What’s more, you can make frugality a challenge. Our Freaking Budget elaborates:
“How many days can we go without spending a cent? How many creative meals can we create before going grocery shopping? These challenges are especially effective during weeks when we feel like we’ve gotten into the habit of spending.”
When it comes to saving, here are a few of my favourite money challenges.
Avoid Money Temptations
Just as keeping like-minded company will help you reach your goal, hanging out with spendy friends might deter you from your goal.
This isn’t to say you should avoid your spendthrift friends altogether. But maybe avoid going shopping with them, as they might tempt you to spend money that could otherwise be used toward your goal.
If you have an online spending problem, check out our tips on how to avoid impulse online shopping. A couple of them include:
- Don’t store your credit card info online.
- Block sites during your peak impulse times.
We’ve also written extensively on how to avoid impulse spending in general. Some of our tips:
- Use the HALT method: consider your feelings. Are you shopping because you’re hungry, angry, lonely or tired?
- Tape your financial goals to your credit or debit card.
Cut Yourself Some Slack
That being said, it’s important that you budget yourself some room to enjoy yourself, too. Depriving yourself of all indulgence and creating a too-tight budget can quickly lead to financial burnout.
Again, it makes sense mathematically to live bare bones and spend only what you need. But budgets need to be realistic to work. While you don’t want to overdo it, there are ways you can allow yourself small splurges to stay motivated and avoid discouragement. For example, you can:
- Allow yourself a splurge each time you reach a financial milestone.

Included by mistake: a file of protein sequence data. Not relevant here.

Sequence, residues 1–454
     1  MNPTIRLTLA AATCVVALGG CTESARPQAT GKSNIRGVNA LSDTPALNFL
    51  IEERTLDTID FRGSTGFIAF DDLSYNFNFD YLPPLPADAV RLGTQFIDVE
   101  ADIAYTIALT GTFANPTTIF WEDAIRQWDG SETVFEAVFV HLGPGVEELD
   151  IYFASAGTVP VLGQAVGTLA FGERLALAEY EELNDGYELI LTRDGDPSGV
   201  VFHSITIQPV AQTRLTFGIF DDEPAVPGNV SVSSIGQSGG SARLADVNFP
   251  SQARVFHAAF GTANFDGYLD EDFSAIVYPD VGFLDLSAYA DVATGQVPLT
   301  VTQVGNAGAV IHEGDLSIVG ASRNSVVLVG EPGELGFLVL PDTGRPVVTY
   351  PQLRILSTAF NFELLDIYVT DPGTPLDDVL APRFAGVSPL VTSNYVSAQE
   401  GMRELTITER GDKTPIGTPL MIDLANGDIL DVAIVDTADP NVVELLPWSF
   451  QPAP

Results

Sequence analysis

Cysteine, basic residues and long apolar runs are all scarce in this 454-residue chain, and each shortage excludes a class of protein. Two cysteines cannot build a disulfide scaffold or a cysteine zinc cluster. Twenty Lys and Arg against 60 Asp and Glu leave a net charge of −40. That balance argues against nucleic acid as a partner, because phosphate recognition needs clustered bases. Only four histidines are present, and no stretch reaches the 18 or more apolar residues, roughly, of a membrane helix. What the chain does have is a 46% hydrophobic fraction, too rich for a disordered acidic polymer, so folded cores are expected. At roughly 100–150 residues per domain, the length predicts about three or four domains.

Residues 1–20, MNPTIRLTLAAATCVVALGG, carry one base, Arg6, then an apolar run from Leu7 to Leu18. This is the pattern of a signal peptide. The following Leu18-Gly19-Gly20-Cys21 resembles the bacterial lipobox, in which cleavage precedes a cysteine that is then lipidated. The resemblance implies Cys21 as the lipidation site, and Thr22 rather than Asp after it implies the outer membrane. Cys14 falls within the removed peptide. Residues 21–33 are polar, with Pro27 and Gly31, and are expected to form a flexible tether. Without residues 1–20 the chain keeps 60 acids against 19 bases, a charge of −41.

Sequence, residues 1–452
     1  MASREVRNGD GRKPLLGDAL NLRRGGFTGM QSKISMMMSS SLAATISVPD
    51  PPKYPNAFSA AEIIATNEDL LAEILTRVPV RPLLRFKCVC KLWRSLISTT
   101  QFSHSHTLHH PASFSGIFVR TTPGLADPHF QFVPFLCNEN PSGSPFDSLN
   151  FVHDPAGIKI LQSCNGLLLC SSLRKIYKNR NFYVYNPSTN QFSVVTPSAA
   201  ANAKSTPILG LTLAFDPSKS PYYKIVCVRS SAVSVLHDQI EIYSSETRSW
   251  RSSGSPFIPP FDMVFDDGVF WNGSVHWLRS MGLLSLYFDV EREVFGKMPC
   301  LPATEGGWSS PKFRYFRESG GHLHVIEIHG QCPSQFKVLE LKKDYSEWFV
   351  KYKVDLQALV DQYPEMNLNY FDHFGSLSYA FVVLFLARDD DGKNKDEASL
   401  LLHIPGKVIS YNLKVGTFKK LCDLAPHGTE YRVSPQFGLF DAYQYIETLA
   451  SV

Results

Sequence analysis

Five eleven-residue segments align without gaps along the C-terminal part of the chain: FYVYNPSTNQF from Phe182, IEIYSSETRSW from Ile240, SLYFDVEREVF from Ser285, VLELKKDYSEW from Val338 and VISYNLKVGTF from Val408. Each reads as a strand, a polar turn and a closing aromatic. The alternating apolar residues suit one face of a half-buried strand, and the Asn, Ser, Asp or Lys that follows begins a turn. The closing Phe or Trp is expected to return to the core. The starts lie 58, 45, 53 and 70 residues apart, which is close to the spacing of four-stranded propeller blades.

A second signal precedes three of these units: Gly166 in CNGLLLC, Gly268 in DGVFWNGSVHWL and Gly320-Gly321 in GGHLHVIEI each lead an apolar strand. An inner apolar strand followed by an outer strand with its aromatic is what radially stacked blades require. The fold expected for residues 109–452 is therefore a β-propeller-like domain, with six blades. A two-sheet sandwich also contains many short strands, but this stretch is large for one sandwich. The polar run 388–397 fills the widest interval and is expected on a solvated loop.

- Simply create an expense for splurges in your budget.
Visualise Your Goal
It might sound cheesy, but it works. Remind yourself of why you’re working toward that goal in the first place. Aside from the obvious, why do you want to be out of debt? Is there something specific you’re saving up for? Do you want a different lifestyle?
Keep this greater goal front and centre. Our own Alan Henry gives a few examples of how to do this:
- If you’re saving up for a home, put a photo of your dream home on your desk.
- Saving up to buy a car? Make it your desktop background.
- If you want to save up to see the world, set your home page to the cruise line you want to take.
As you’re conquering one stage of personal finance, focus on the next. For example, if you’re in the process of getting out of debt, spend time reading up on how to save for retirement or get started with investing.
The benefit of this is twofold: you’ll stay motivated to complete your current financial goal to reach the next, and by the time you get there, you’ll be ready.
Most of us have had to endure the long stretch in reaching our money goals. It can be hard to stay motivated. Keep your eye on the prize, prepare yourself for the next stage, and allow yourself some celebration in the meantime. This will help make you remember that the wait is totally worth it.